Extensible Authentication Protocol (EAP)

Extensible Authentication Protocol (EAP) is an authentication framework, not a specific authentication mechanism, frequently used in wireless networks and point-to-point connections. It provides some common functions and negotiation of authentication methods called EAP methods.

The EAP protocol can support multiple authentication mechanisms without having to pre-negotiate a particular one. There are currently about 40 different methods defined.

EAP authentication is initiated by the server (authenticator), whereas many other authentication protocols are initiated by the client (peer). The EAP authentication exchange proceeds as follows:

1) The authenticator (the server) sends a Request to authenticate the peer (the client).

2) The peer sends a Response packet in reply to a valid Request.

3) The authenticator sends an additional Request packet, and the peer replies with a Response. The sequence of Requests and Responses continues as long as needed. EAP is a ‘lock step’ protocol, so that other than the initial Request, a new Request cannot be sent prior to receiving a valid Response.

4) The conversation continues until the authenticator cannot authenticate the peer (unacceptable Responses to one or more Requests), in which case the authenticator implementation MUST transmit an EAP Failure (Code 4). Alternatively, the authentication conversation can continue until the authenticator determines that successful authentication has occurred, in which case the authenticator MUST transmit an EAP Success (Code 3).

 

Frequently Asked Questions
What is EAP Extensible Authentication Protocol?

EAP is an authentication framework, not a specific authentication mechanism, frequently used in wireless networks and point-to-point connections. It provides some common functions and negotiation of authentication methods called EAP methods.

What is EAP authentication process?

The EAP authentication exchange proceeds as follows:

  • The authenticator (the server) sends a Request to authenticate the peer (the client).
  • The peer sends a Response packet in reply to a valid Request.
  • The authenticator sends an additional Request packet, and the peer replies with a Response. The sequence of Requests and Responses continues as long as needed.  EAP is a ‘lock step’ protocol, so that other than the initial Request, a new Request cannot be sent prior to receiving a valid Response.
  • The conversation continues until the authenticator cannot authenticate the peer (unacceptable Responses to one or more Requests), in which case the authenticator implementation MUST transmit an EAP Failure (Code 4). Alternatively, the authentication conversation can continue until the authenticator determines that successful authentication has occurred, in which case the authenticator MUST transmit an EAP Success (Code 3).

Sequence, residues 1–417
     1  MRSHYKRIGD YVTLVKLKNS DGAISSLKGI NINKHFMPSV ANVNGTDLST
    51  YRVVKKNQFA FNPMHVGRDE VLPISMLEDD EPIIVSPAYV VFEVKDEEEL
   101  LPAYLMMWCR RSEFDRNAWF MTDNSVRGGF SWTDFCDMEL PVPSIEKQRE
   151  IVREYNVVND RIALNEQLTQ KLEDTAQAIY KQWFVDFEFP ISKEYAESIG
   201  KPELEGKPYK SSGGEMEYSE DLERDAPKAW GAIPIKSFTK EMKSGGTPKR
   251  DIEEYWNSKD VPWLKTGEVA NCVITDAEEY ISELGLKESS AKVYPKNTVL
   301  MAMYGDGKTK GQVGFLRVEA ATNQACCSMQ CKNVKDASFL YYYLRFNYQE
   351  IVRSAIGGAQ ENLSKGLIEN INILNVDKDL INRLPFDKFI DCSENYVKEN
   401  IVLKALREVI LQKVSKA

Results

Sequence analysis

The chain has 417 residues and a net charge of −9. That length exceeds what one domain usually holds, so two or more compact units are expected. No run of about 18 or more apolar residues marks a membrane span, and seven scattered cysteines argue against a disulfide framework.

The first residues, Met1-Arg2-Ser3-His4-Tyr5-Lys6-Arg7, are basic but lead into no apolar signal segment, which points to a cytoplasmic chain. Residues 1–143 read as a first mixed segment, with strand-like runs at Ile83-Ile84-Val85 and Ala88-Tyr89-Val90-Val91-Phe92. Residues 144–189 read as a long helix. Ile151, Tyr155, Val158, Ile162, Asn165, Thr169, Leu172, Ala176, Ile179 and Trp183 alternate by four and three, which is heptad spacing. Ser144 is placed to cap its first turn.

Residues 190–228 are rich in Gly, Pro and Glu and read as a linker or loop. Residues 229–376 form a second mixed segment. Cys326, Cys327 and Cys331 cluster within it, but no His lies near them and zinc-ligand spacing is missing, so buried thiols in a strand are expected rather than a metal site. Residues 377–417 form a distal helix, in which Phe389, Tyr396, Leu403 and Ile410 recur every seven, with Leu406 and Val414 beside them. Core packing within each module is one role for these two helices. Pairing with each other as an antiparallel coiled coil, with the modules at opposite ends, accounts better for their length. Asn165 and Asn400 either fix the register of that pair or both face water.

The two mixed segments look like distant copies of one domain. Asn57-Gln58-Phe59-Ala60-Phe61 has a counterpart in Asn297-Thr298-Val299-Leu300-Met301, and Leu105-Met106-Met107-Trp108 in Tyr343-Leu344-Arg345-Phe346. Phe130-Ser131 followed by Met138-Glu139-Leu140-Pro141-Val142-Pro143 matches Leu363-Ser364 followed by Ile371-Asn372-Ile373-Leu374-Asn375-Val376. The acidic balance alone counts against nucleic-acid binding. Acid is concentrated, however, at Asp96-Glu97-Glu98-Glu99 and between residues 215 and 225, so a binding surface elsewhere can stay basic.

What is EAP SIM authentication?

EAP Subscriber Identity Module (EAP-SIM) is used for authentication and session key distribution using the Global System for Mobile Communications (GSM) subscriber identity module (SIM). EAP-SIM uses a SIM authentication algorithm between the client and an Authentication, Authorization and Accounting (AAA) server to enable mutual authentication between the client and the network.

What is EAP FAST?

Flexible Authentication via Secure Tunneling (EAP-FAST) is a protocol proposed by Cisco Systems as a replacement for it previously proposed Lightweight Extensible Authentication Protocol (LEAP). The protocol was designed to address the weaknesses of LEAP while preserving its “lightweight” implementation. EAP-FAST uses a pre-shared key called Protected Access Credential (PAC) to establish a TLS tunnel in which client credentials are verified.

What is EAP, LEAP and PEAP?

EAP is an authentication framework, not a specific authentication mechanism, frequently used in wireless networks and point-to-point connections. It provides some common functions and negotiation of authentication methods called EAP methods.

 

LEAP is a Lightweight Extensible Authentication Protocol (LEAP) method that was developed by Cisco Systems. LEAP uses a modified version of MS-CHAP, an authentication protocol in which user credentials are not strongly protected and easily compromised. An exploit tool called ASLEAP was released in early 2004 for LEAP. Cisco now recommends using EAP-FAST, PEAP, or EAP-TLS.

PEAP is a Protected Extensible Authentication Protocol (PEAP), also known as Protected EAP, is an authentication protocol that encapsulates EAP within an encrypted and authenticated Transport Layer Security (TLS) tunnel. It was developed and published to correct deficiencies in EAP (EAP assumed a protected communication channel, so facilities for protection of the EAP conversation were not originally provided).

PEAP was jointly developed by Cisco Systems, Microsoft, and RSA Security.